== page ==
We need to thank S.B.Dissanayake, Minster of Social Empowerment and Welfare and the Government for having ratified the UN Convention on February 8 this year, nine years after Sri Lanka placed its signature on it in April 2007. That this delay in ratification was an extension of our neglect of people with disabilities is a valid assumption. And yet during these nine years some fundamental measures called for to implement the CRPD have been put in place. Affordable and Rights-Based National Policies and National Action Plans have been approved by Cabinet. Legislation to enforce implementation of these as well to serve as the local enabling legislation for the CRPD has been drafted but is yet to be enacted. One can justify asking the question of whether these were merely tokens over the years in an attempt to keep a small pressure group quiet?
The assumption of neglect has further grounds because of the absence of action. We need then to ask, how serious are we really about the ratification of the UN Convention? Was it just another token but this time to satisfy the “international community”? We need to take note of the fact that even after we ratified it, the UN High Commissioner for Human Rights in his closing statement to the Sri Lankan media last month mentioned his concern about the human rights situation of our people with disabilities.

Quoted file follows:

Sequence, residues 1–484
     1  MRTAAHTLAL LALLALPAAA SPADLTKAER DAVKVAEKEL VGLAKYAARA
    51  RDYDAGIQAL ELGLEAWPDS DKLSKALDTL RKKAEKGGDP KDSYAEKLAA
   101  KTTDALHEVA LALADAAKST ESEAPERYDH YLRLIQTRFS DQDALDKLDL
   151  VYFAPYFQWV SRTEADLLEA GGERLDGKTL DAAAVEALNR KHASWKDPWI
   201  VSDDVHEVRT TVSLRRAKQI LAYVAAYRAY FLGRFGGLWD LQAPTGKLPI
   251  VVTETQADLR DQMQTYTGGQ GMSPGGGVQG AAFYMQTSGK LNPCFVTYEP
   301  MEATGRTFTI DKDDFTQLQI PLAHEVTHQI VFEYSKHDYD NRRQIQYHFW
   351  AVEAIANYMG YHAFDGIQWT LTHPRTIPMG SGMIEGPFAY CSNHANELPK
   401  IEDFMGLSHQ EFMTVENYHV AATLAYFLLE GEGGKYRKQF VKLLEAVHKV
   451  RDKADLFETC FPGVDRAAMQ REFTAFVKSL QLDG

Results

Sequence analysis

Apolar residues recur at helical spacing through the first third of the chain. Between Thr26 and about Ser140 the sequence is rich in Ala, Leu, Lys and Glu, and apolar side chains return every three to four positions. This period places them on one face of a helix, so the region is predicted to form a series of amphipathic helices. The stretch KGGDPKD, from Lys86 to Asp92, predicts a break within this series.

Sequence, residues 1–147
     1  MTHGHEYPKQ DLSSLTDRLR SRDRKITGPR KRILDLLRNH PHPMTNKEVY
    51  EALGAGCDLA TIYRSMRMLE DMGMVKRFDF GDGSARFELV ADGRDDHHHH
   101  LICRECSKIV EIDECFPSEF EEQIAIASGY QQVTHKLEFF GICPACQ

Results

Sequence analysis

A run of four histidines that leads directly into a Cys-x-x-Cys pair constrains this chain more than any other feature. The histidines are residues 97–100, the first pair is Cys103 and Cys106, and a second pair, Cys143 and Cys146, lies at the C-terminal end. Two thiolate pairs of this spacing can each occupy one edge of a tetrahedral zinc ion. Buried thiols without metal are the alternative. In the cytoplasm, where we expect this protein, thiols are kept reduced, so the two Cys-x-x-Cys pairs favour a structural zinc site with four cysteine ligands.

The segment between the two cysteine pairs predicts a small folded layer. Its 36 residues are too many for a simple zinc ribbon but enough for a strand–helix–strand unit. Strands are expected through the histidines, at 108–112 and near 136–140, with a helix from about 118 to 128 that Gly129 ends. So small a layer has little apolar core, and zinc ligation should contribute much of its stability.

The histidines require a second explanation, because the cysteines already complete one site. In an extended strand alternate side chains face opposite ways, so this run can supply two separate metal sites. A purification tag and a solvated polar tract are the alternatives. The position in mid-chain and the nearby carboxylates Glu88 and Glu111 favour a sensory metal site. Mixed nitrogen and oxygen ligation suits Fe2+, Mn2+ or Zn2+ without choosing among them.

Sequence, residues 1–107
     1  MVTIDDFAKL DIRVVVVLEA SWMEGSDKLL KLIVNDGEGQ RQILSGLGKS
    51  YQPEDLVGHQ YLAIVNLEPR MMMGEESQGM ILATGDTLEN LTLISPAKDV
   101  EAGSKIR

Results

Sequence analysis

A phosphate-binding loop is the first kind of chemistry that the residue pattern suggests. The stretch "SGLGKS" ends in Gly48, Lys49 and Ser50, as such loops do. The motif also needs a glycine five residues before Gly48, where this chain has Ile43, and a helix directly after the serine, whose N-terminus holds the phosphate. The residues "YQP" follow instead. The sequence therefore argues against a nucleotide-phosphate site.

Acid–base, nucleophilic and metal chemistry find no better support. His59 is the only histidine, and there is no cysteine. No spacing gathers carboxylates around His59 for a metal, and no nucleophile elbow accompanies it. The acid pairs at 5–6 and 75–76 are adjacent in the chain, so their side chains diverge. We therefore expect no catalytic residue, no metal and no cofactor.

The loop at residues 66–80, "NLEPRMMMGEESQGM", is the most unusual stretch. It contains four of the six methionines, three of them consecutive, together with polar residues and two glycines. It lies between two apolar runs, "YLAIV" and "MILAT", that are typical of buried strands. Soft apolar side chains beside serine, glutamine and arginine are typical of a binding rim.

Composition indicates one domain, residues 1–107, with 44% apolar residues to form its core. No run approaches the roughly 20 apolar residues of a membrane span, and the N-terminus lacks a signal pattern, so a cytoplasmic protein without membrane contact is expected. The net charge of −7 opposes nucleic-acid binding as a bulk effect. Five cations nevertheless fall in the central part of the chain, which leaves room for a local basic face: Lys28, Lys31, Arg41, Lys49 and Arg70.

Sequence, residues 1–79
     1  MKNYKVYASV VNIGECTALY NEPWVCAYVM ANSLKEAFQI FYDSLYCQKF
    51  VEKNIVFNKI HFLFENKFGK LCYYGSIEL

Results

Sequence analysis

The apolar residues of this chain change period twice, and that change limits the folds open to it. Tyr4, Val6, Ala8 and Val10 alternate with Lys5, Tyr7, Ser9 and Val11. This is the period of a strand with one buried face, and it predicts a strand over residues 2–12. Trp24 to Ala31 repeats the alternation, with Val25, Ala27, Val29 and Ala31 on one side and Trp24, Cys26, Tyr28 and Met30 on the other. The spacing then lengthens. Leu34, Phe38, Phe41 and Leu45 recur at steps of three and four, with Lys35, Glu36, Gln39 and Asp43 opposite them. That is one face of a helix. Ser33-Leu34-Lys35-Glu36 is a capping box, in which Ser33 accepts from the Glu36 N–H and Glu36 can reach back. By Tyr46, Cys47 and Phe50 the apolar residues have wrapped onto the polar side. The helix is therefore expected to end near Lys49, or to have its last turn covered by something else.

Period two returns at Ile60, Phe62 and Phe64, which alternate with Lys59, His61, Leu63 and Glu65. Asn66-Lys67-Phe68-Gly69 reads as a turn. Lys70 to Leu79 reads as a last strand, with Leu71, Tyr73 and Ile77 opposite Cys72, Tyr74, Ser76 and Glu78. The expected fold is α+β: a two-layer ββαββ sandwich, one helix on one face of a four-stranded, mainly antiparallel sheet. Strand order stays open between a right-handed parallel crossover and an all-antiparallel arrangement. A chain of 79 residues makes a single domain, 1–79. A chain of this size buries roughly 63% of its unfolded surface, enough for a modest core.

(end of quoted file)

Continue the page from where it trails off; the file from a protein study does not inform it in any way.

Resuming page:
If Sri Lanka is serious about implementing the Convention and improving the lives of our disabled children and adults, we need to take the next step called for in the Convention. We need to establish a body such as a National Disability Commission to see that that the Convention is implemented through the cabinet-approved National Action Plan for Disability.
Article 33 of the Convention describes how implementation is to be done within countries and the need for a mechanism within Government. The UN High Commissioner for Human Rights elaborates on this further in a special report. This Report in no uncertain terms calls for this body to be placed “at the most senior level of Government close to the heart of Government such as in the Office of the President or Prime Minster .. ”. The High Commissioner’s report states clearly that it should best not be under a single ministry such as social welfare, labour or education. Reasons for this are that this Body within the Government responsible for the implementation of the Convention needs to reflect “an understanding of human rights “which is a cross-ministerial issue of immense proportions. It needs to be at a level that can provide oversight and coordination, and hence in the Office of the P.M. or President. The mandate of this Body includes also liaising with a separate independent commission designated with the task of monitoring national implementation.
Hope for the future
Perhaps the biggest barrier in Sri Lanka to eliminating neglect of disability issues is the lack of interest in people with disabilities on the part of politicians, professionals and administrators – namely those who have the power to change the situation. People with disabilities are among the poorest and most marginalized of our vulnerable groups of citizens. They have no voice.
Who will voice concern for their future? Will the National Disability Commission, the enactment of a new Disability Rights Act and the implementation of the UN Convention through the National Plan of Action for Disability become a reality? When they do, we could say that Sri Lanka has stopped neglecting her citizens with disabilities. We can have hope that they will be recognised and accepted as citizens with equal rights, included in the mainstream of Sri Lankan Society.
(The writer is an Advisor, Disability and Rehabilitation)